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Arthur “Blind” Blake

Blind Blake – He’s in the Jailhouse Now


“Blind” Blake (born Arthur Blake; 1896, Newport News, Virginia – December 1, 1934, Milwaukee, Wisconsin) was an American blues and ragtime singer and guitarist.

Blind Blake recorded about 80 tracks for Paramount Records from 1926 to 1932.   He was one of the most accomplished guitarists of his genre with a surprisingly diverse range of material. He is best known for his distinct guitar sound that was comparable in sound and style to a ragtime piano. 

Little is known about his life. His birthplace was listed as Jacksonville, Florida by Paramount Records in The Paramount Book of the Blues, a publicity publication, but a recently acquired 1934 death certificate from the Milwaukee, WI area lists Newport News as his 1896 birthplace. On one recording he slipped into a Geechee or Gullah dialect, prompting speculation that he was from the Georgia Sea Island region. According to one source, his real name was Arthur Phelps, although concrete evidence for this claim is lacking.   The “Phelps” name theory was entirely based on a response given by Blind Willie McTell in an interview conducted in 1955 in Atlanta, who likely met Blake when he passed through McTell’s hometown of Statesboro, GA. Recent research has discovered that many of Blind Blake’s recordings were copyrighted under the name ‘Arthur Blake’, and in his two-part recording with Papa Charlie Jackson, “Papa Charlie and Blind Blake Talk About It”, the following dialogue is heard:

Jackson: What is your right name?

Blake: My right name is Arthur Blake!

There is only one surviving photograph of him in existence.

His first recordings were made in 1926 and his records sold very well. His first solo record was “Early Morning Blues” with “West Coast Blues” on the B-side. Both are considered excellent examples of his ragtime-based guitar style and are prototypes for the burgeoning Piedmont blues. Blake made his last recordings in 1932, the end of his career aided by Paramount’s bankruptcy. Stefan Grossman and Gayle Dean Wardlow think its possible that only one side of Blake’s last record is actually by him.   “Champagne Charlie Is My Name” does not actually sound like Blake’s playing or singing. Allegedly, Blind Blake was drinking heavily in his final years. It is likely that this led to his early death at only 38 years old. The exact circumstances of his death are not known; Reverend Gary Davis said in an interview that he had heard Blake was killed by a streetcar.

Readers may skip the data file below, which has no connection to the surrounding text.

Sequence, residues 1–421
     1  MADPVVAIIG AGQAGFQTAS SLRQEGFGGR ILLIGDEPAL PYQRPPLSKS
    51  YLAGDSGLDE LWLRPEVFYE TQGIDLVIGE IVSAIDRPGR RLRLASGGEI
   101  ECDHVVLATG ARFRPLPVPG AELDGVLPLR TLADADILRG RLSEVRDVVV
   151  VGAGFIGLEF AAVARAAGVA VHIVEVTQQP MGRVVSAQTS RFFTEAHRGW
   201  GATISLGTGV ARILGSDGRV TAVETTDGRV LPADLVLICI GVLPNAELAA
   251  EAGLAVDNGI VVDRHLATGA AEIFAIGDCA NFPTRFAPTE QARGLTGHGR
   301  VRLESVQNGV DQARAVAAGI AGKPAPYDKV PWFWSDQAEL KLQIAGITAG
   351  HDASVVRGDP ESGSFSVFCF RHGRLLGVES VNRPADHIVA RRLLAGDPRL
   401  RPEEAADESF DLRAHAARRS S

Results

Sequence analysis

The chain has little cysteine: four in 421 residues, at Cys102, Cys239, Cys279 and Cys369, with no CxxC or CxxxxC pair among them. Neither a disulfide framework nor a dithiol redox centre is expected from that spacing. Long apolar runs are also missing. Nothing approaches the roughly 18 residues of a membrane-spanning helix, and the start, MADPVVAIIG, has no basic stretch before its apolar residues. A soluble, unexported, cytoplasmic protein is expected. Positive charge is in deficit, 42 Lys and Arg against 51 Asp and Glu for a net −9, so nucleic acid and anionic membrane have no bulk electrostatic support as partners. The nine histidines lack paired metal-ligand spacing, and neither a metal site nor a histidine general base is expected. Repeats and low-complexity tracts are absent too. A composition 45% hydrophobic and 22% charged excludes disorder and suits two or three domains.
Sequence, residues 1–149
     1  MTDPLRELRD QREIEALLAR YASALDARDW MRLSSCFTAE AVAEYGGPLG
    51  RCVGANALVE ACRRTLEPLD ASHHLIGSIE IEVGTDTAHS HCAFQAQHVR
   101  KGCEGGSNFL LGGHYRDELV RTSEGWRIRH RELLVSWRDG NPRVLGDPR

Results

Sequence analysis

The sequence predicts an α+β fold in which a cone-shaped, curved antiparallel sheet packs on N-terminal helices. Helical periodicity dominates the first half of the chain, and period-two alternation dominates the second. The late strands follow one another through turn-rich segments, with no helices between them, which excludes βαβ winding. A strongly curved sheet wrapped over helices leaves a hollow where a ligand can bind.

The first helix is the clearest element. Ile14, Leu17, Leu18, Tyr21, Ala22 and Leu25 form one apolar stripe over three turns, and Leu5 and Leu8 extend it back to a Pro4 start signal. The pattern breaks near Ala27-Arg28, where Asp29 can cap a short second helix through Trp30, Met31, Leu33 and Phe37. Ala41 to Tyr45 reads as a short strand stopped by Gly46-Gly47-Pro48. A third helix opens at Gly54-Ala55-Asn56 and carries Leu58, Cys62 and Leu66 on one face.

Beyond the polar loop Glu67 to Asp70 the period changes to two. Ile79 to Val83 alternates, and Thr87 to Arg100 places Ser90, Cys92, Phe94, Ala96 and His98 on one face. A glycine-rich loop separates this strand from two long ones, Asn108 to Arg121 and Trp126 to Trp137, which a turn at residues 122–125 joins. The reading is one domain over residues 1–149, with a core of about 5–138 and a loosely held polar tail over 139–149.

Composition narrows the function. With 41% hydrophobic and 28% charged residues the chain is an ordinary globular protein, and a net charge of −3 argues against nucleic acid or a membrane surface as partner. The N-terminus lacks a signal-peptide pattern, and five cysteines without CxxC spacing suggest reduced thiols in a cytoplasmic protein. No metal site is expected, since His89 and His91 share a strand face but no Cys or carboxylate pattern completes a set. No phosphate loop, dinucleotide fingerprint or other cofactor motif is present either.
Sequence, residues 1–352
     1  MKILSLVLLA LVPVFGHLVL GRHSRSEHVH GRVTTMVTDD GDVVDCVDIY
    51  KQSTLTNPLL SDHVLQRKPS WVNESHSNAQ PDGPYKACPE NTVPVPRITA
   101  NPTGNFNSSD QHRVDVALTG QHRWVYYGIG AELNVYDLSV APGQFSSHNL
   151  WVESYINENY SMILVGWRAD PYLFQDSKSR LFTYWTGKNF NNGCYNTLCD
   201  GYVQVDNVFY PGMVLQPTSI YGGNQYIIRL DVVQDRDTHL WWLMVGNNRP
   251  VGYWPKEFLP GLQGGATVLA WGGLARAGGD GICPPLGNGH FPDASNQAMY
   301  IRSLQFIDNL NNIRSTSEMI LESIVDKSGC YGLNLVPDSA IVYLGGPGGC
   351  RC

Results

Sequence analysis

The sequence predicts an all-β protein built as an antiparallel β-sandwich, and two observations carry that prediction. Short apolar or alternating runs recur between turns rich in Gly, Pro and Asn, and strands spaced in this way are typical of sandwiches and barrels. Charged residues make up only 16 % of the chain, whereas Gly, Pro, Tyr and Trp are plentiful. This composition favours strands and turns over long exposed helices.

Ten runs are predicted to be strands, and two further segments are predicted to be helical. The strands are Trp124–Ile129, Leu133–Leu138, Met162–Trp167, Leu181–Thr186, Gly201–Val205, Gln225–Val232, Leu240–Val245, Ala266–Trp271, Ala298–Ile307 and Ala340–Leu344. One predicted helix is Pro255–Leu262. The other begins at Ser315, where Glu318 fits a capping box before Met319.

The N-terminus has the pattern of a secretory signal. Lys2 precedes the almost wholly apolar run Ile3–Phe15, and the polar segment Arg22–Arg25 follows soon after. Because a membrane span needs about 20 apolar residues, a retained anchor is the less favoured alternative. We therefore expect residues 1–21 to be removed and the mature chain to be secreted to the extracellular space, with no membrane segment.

A death certificate for “Arthur Blake” is listed by the Milwaukee County Courthouse (John La Fave, Register of Deeds, 901 N. 9th Street, Milwaukee, Wisconsin). It indicated the cause of death as pulmonary tuberculosis. Arthur Blake’s grave is in Glendale, Wisconsin, listed as Evergreen Cemetery (now Glen Oaks Cemetery) in a single grave #72, Range #115. It is unmarked as yet (no headstone).

His complex and intricate finger picking has inspired Reverend Gary DavisJorma KaukonenRy CooderJohn FaheyRalph McTell,Leon Redbone and many others. French singer-songwriter Francis Cabrel refers to Blind Blake in the song “Cent Ans de Plus” on the 1999 album Hors-Saison.

Other people who used the same name

On a few records where white jazz guitarist Eddie Lang sat in with African American groups, the record companies listed Lang as “Blind Blake”. Most of those recordings, principally with Lonnie Johnson, gave Lang the name “Blind Willy Dunn”.

There is also a different artist who recorded multiple LPs under the name “Blind Blake”. Alphonso “Blind Blake” Higgs was one of the most popular singers in The Bahamas in the 1950s, leading the house band at the Royal Victoria Hotel. His records were spread all over the U.S. by tourist fans, and several of his songs became folk standards.

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